A senior official of the United Nations nuclear supervisory body said on Thursday that talks a day earlier in Iran had ended inconclusively and international inspectors had not been given access to a site that they suspect may have been used for testing bomb triggers.
Herman Nackaerts, the deputy director of the International Atomic Energy Agency, said the discussions "could not finalize" a document that "once agreed, should facilitate the resolution of outstanding issues regarding possible military dimensions of Iran's nuclear program."
He declined to say whether any progress had been made.
The talks have been going on for months, veering from apparent optimism last May when Yukiya Amano, the I.A.E.A. director general, said there had been a decision "to conclude and sign" an agreement, to far more muted recent assessments. Before Wednesday's talks, Mr. Amano said: "The outlook is not bright."
Mr. Nackaerts was speaking as he returned from Tehran to Vienna, where the I.A.E.A. has its headquarters. He said no date had been set for further talks.
"We will work hard now to try and resolve the remaining differences, but time is needed to reflect on the way forward," he said.
"As on previous occasions, we were not granted access to Parchin," he said, referring to a military site 20 miles south of Tehran that inspectors want to examine for evidence of bomb trigger tests.
While Western powers suspect Iran is seeking nuclear weapons technology, Tehran says its program is for civilian purposes.
The Tehran talks coincided with conflicting signals suggesting that Iran is pressing ahead with the modernization of part of its program to enrich uranium to less than 5 percent purity while potentially slowing the expansion of a stockpile of more highly enriched uranium.
Iran's top Iranian atomic energy official was quoted on Wednesday as saying that his country had begun to install more sophisticated enrichment devices at its Natanz nuclear site.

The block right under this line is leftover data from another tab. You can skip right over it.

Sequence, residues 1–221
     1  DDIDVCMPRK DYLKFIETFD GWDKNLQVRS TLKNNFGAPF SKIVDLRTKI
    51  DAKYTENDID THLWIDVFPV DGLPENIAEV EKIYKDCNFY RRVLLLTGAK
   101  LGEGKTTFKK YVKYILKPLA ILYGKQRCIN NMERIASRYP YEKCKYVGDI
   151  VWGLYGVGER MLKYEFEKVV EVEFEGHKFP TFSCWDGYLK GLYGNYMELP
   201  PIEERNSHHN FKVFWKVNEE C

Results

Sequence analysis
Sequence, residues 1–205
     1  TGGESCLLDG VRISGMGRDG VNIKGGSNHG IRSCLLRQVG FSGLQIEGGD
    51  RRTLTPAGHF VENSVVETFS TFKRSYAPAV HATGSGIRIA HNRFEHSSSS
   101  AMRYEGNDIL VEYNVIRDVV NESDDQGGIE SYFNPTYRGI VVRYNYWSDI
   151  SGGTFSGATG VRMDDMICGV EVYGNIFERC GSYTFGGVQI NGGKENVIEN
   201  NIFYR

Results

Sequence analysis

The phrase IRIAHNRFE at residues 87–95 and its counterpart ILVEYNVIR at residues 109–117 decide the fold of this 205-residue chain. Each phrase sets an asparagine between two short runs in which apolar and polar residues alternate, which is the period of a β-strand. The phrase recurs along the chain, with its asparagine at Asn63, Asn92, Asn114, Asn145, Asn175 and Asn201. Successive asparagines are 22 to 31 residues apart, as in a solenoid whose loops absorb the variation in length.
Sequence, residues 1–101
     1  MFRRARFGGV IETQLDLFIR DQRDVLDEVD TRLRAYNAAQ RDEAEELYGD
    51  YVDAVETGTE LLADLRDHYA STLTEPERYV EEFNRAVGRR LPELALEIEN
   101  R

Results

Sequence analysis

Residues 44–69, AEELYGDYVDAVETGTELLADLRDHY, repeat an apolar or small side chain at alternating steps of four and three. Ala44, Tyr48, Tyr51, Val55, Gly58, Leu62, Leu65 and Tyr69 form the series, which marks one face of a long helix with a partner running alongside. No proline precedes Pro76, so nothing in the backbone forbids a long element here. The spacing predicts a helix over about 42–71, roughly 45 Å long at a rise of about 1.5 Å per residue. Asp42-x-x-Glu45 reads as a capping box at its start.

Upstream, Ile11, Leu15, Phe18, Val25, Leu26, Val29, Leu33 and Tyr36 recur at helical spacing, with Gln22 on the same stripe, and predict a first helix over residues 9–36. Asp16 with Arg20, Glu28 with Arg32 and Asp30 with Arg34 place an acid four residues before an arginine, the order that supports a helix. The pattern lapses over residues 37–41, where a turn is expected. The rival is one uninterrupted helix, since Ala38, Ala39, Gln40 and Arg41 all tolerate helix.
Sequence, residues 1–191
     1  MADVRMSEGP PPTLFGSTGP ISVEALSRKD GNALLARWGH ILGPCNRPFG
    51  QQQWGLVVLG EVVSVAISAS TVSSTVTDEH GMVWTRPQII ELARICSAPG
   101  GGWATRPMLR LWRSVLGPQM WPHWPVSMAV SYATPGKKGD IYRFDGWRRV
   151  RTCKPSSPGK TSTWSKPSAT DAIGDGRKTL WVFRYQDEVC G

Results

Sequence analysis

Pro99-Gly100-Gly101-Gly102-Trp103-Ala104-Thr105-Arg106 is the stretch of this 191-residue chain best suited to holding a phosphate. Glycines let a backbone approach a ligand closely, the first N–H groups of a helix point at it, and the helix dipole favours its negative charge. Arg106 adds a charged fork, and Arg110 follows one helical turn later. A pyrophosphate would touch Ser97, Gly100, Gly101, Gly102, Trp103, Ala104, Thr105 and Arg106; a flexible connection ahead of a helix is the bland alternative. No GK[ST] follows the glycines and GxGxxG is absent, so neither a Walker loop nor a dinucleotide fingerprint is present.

Fereydoon Abbasi, the head of Iran's Atomic Energy Agency, said scientists began putting in new centrifuges last month, the semiofficial Iranian Students' News Agency said. "We have produced the machines as planned, and we are carrying out the installation gradually, to complete the tests relevant to the new generation," he was quoted as saying.
Iran told the I.A.E.A. late last month that it planned to install the new equipment at Natanz, southeast of Tehran, to speed up the production of enriched uranium, a move that seemed likely to worry the United States, Israel and the West.
But another Iranian news agency, Fars, quoted Mr. Abbasi as saying that the new centrifuges were designed to enrich uranium to a purity of less than 5 percent, not to the 20 percent level that prompts concerns about possible use in nuclear weapons.
On Tuesday, Iran said that it was converting some of its stockpile of 20 percent enriched uranium into reactor fuel. Diplomats in Vienna said that once that is done, it is difficult to reconvert it for weapons.
Some analysts argue that, by slowing the growth of its stockpile, Tehran could be delaying the moment when it reaches a size large enough to prompt possible military action by Israel, which has signaled readiness to attack Iran's nuclear sites pre-emptively. Iran denies that it is seeking the wherewithal to build a nuclear weapon.
Source: The New York Times | ALAN COWELL